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How VERA Files Uses CrowdTangle Search and Meme Search to Find Disinformation
How VERA Files Uses CrowdTangle Search and Meme Search to Find Disinformation

As a fact-checker, VERA Files has used CrowdTangle lists — with great impact

Written by Tess
Updated over a week ago

VERA Files, a media nonprofit has been using CrowdTangle for over two years now to probe Philippine issues and fact-check false and misleading claims. Celine Samson, a reporter at VERA Files, shares how the team has been using CrowdTangle in their fact-checking work, and which features have been particularly useful.

Describe your daily workflow for fact-checking.

For our social media verification team, we track and debunk false and misleading claims online on a nearly daily basis so it’s important to have eyes on a lot of places on the Web.

Every morning, apart from checking messages on our organization’s Facebook page for fact-checking requests, we look through the Lists we have built on CrowdTangle of Pages and Groups that have a history of publishing mis- and disinformation. We also get Daily Digests via email that shows us the top Overperforming posts from those Lists.

What are the core features you use in CrowdTangle?

For monitoring, we really utilize Lists and calibrate the settings to show posts that are Overperforming or are getting the highest Total Interactions from different time frames. We’ve also recently been using Search more often, and we also use the CrowdTangle Chrome Extension to see the potential reach of the mis- and disinformation.

How do you use CrowdTangle in your fact-checking work?

Our team has been using CrowdTangle Search to find replications of the same claim around Facebook, helping establish its virality.

For example, through the Search feature, we found that a misleading Facebook status update comparing COVID-19 cases in the Philippines with Italy was published and shared by at least 96 Pages! It was the same way we found several Pages publishing identical status updates about Canada becoming “COVID-free.”

For our fact check on a claim that a newborn in "northern Philippines" suddenly spoke and said hard-boiled eggs are a cure for COVID-19, the tool helped us see variations of the posts claiming the event happened in central Philippines, Malaysia and Indonesia.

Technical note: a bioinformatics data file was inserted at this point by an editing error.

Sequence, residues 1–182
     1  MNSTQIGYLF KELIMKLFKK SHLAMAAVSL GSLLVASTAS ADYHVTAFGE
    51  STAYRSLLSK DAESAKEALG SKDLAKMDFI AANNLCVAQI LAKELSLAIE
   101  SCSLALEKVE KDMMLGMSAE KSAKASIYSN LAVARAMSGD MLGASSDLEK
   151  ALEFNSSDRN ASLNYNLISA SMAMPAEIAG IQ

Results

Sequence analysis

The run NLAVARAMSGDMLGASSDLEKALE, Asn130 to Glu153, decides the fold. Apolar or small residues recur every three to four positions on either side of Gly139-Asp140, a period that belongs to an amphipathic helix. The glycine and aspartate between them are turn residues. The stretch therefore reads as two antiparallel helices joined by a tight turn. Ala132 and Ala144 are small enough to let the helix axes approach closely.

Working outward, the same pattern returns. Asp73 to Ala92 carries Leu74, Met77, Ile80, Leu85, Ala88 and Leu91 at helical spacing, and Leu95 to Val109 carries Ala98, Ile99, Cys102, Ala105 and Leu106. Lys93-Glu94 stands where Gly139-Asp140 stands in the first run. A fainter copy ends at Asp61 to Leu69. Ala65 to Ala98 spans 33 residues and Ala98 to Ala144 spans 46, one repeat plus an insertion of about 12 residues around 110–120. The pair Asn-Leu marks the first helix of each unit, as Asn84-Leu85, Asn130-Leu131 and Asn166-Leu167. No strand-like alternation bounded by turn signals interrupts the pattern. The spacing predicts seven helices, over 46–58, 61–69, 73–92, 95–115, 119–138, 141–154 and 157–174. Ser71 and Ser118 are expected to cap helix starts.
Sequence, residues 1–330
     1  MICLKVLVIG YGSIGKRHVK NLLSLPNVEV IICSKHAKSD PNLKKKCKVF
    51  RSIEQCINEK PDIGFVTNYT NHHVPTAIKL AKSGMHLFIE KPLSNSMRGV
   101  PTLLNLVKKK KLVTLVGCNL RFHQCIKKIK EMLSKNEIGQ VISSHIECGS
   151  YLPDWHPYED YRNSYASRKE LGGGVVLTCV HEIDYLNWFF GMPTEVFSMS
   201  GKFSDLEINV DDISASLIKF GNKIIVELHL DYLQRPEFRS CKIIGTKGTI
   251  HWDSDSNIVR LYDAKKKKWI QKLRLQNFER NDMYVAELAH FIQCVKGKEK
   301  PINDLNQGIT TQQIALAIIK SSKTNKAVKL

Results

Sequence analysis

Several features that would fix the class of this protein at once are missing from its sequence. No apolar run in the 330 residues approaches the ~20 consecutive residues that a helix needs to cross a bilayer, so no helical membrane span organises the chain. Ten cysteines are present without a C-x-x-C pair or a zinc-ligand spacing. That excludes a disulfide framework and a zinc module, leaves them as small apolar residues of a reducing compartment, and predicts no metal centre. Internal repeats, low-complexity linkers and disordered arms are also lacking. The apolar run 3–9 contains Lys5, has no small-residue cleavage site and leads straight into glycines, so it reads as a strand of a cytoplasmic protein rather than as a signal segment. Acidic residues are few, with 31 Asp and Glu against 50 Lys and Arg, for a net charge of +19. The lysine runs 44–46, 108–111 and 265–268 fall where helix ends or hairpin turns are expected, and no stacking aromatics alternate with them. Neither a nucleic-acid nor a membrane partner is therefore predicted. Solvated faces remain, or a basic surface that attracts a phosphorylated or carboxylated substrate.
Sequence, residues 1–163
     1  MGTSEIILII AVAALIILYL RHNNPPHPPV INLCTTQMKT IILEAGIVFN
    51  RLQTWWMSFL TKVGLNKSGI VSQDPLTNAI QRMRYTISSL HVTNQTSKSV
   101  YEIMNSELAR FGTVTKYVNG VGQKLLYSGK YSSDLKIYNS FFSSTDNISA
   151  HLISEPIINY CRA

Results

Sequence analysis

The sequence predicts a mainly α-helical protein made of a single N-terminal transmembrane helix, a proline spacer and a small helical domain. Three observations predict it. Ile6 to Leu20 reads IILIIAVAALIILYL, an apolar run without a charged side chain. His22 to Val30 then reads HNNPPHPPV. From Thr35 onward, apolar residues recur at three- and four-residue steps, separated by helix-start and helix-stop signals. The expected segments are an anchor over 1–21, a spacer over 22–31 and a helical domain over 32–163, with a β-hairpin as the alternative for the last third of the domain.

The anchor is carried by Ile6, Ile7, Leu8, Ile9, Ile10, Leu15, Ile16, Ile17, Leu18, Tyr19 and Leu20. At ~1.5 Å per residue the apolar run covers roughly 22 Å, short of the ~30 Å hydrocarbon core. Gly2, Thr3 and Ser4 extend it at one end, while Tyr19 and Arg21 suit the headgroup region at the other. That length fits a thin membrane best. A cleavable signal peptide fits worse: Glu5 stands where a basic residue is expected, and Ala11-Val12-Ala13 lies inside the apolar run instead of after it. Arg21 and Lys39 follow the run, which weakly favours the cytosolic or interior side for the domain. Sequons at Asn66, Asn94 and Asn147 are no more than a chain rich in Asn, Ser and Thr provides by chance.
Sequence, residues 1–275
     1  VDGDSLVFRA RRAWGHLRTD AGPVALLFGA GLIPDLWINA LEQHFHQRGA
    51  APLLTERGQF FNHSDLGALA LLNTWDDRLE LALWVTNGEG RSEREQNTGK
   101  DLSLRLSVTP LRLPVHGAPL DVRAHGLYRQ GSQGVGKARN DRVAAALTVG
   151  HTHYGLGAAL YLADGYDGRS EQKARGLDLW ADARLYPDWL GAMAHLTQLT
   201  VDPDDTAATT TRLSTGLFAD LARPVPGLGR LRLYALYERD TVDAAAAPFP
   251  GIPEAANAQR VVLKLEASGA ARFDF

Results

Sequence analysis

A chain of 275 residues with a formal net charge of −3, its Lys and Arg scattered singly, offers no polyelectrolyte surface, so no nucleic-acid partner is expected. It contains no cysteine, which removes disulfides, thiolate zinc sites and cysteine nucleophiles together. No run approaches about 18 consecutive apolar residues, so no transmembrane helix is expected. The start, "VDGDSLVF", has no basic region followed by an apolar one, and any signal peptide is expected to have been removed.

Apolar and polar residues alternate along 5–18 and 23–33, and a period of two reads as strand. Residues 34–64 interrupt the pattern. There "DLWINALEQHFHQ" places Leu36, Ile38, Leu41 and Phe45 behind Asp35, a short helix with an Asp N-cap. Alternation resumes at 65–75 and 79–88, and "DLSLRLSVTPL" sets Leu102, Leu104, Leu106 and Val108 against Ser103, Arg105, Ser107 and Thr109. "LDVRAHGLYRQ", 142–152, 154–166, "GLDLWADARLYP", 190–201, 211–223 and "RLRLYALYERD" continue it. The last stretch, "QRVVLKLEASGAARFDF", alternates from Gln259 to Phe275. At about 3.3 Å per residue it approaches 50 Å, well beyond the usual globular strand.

Can you walk us through how you find where a claim has been posted?

First, I choose an element from a post that is searchable through CrowdTangle’s Search feature, such as a keyword, or a mix of keywords.

Second, I set the Search options depending on what I want to find. For example, if I want to find possible replications of a post, I set the results for both Facebook Pages and Groups. I can even limit it to unverified pages only, by setting the Verified Status to “Not Verified,” if I wanted to filter out posts from legitimate organizations.

From there, I look for exact or similar copies of the original post and sort them based on Total Interactions or even by date of publication.

When I’m dealing with disinformation involving photos, Meme Search also becomes very handy because it turns up results of images bearing the text I’m looking for.

For fact-checkers that are new to CrowdTangle what are your top three tips for them?

Number one is maximize your use of Lists. Set up your own or import a List made by the CrowdTangle team, and try playing around with the calibrations until you find a setting that works for you.

Next is to try using Search and see how it can help with your monitoring and reporting on misinformation.

Three is, if you can, try to catch a CrowdTangling webinar. We made more use of CrowdTangle Search after a webinar last April!

VERA Files is a member of Facebook’s third-party fact-checking program. Along with other IFCN-certified fact-checkers around the world, they work independently to monitor, review and rate the accuracy of content on our platform.

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